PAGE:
An Adventure Like No Other
As far back as I can remember I always wanted to be a backpacker. The road at my feet, a song in my heart and 500 miles to the horizon. On January 1 2009, I took a ferry boat over the River Plate from Argentina to Uruguay and thus began one of the most daring, most epic and certainly most hilarious solo travel adventures of all time.
I had been told over and over again that it couldn’t be done, it was impossible, a fool’s errand. But I knew it could be done – and I was determined to prove it, or else die trying.
Nobody had ever attempted this before, probably because the concept alone is quite simply insane. As well as the 193 member states of the UN, I had to visit Vatican City, Western Sahara, Taiwan, Kosovo, Palestine, Scotland, Wales and Northern Ireland… 201 nations by land and sea. Needless to say, it was an adventure of epic proportions.
Blood, Sweat & Beers
THE ODYSSEY EXPEDITION spanned 1,493 days and 218 countries and territories. I did it alone, with no professional support (save that of my wonderful friends and family) and on a shoestring budget of just £100 ($150) a week.
In the first year of my adventure I watched one of the last space shuttles blast off into space, I had to sneak into Cuba from Key West without the American authorities realising, I was arrested on the Russian border for wading across a river and I was forced to backtrack over 2,000 miles through the Sahara Desert to get a visa.
I paid a group of local Senegalese fishermen to take me on their wooden ‘pirogue’ over 600km of open ocean to Cape Verde… no radio, no sat phone, no distress beacon, just an outboard motor and the good will of King Neptune… and was promptly thrown in jail for a week upon arrival on suspicion of people smuggling.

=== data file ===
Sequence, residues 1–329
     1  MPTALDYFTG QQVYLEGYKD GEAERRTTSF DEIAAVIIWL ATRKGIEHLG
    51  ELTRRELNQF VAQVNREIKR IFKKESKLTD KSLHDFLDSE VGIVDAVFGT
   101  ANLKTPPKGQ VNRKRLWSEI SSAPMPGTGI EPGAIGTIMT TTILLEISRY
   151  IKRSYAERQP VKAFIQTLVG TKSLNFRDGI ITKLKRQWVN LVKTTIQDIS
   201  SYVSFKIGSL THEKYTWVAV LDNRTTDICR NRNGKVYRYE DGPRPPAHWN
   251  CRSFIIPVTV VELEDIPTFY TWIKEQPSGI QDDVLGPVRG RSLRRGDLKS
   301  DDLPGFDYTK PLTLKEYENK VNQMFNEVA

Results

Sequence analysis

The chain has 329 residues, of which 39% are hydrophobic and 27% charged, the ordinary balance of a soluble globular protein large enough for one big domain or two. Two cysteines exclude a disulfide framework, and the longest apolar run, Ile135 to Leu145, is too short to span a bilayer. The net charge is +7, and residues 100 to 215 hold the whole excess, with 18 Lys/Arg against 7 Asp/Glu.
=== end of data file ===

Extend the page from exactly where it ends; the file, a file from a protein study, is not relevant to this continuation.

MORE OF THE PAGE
I braved the Mad Max-esque freeways of Nigeria, joined a tribe of hallucinogenic tree-bark worshippers in Gabon and found myself imprisoned again, this time in Congo.
I met the Nuns of Gabarone, grabbed a beer in the highest pub in Africa in Lesotho, won on the horses in Mauritius and reached Egypt at 6 minutes past midnight on New Year.
Knocked For Six
In the second year, I got into a snowball fight in Iraq, was mobbed by schoolchildren in Afghanistan and enjoyed the Breakfast of Champions in Iran.
I watched Ghana beat the US in the World Cup while drinking Asmara beer in Eritrea, I sailed around The World in Dubai and hung out with Frankincense farmers in Oman and Maoist rebels in Nepal.
I crossed the rooftop of the world into Tibet, tucked into a dish of dancing octopus in South Korea and met the Nobel-prize winning President of East Timor.
As I crossed the final frontiers I danced with the bare-breasted highlanders of Papua New Guinea, shared kava across Polynesia and had Jellyfish Lake in Palau all to myself… well, aside from the billion stingless jellies surrounding me.